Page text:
But how? NASA’s credo: Waste anything but time. The quickest way to get humans into space, and later to the moon, was to adjust a missile so it would safely carry a person, not a warhead.
A rocket is an enormous bomb. The vast bulk of the Atlas rocket’s mass consisted of a giant tank of explosive kerosene rocket fuel plus a tank of oxidizer (liquid oxygen) needed for the fuel to burn. The Atlas rocket had a 50-percent failure rate in the beginning and was a flimsy device. Scientists had to pressurize the interior space to make it rigid. And they were going to put astronauts on top of one of those things?
Trained as fighter pilots, the Mercury Seven astronauts were the best of the best, all endowed with the “Right Stuff,” to use novelist Tom Wolfe’s memorable phrase. They were poked, prodded, and perforated in grueling medical tests only possibly related to the effect of spaceflight on a human being. Only valiant warriors who won the genetic lottery would do.
And so, on February 20, 1962, John Herschel Glenn, Jr., already an American hero, was placed in the tiny Friendship 7 capsule on top of the Atlas rocket. In the Rocketdyne power plants, turbo pumps rapidly mixed fuel and oxidizer together, the mixture was ignited in the combustion chamber, the exothermic chemical reaction created great spasms of ultra-hot gas products, the rocket shuddered from the chemical paroxysm that propelled it, and fire leaped from the engine bell. The rocket slowly rose in the afternoon light and accelerated toward the heavens.
John Glenn was supposed to do seven orbits but did three instead. The attitude control was faulty, and the spacecraft yawed, so the intrepid Glenn had to fly the craft manually, with a stick, as if he were flying a jet. Worse, Mission Control instructed Glenn not to jettison the retrorocket pack, but did not tell him why. But John Glenn was suspicious, and guessed there was a problem with the heat shield. How horrible it might be for a human being to burn up in the upper atmosphere during re-entry.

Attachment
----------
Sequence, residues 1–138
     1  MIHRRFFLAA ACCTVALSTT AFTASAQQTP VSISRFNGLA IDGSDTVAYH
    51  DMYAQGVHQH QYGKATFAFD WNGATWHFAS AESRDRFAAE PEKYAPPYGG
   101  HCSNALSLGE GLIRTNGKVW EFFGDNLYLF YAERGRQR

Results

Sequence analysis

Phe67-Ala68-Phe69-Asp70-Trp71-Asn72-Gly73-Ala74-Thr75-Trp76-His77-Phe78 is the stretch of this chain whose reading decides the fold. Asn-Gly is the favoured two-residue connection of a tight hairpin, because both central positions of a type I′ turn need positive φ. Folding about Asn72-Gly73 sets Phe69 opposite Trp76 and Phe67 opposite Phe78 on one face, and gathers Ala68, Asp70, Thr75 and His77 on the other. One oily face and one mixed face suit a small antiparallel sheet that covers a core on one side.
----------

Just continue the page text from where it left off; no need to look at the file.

After three orbits and 4.5 hours, Glenn had accomplished his mission objectives. No spam in a can was he. He fired the retrorockets so he would slow down and plunge into the atmosphere—a meteor. The resulting shroud of superhot ionized plasma (electrically charged gas) blocked radio transmission, so John Glenn and Mission Control could not communicate during much of the descent.
After breathless minutes, a parachute was spotted in the Atlantic Ocean, 40 miles from the target location and 20 minutes from the destroyer U.S.S. Noa.
It has been said that Glenn was the last true American hero, beloved of almost everyone, regardless of political views. He became a U.S. senator from Ohio, elected to four consecutive terms, and at “retirement” flew on the Space Shuttle at age 77, becoming the oldest astronaut. He was an upright, God-fearing man who richly deserved the Medal of Freedom awarded him in 2012 by President Barack Obama.
I was born on May 5, 1961, the day the first American, Alan Shepard, was launched into space atop a Redstone rocket. Shepard did not orbit the Earth but took a 300-mile parabolic trajectory—a short hop that got him to the edge of space. In the day, NASA did not announce who would fly on each mission until a day or two before the launch. Not knowing who would be tapped for the mission, my parents planned to name me after both John Glenn and Alan Shepard. My mother told me that while the doctors were preparing her for the C-section, the medical staff were all raptly attending to the TV that had been set up in the operating room. My mother told them in no uncertain terms what she thought of their inattention. But I was born, the American space age began, and eight years later America had landed humans on the moon.
Maybe we shouldn’t even try to reconstitute the glory days of the 1960s. But heroes like John Glenn can continue to give us a vision for how far we can reach.
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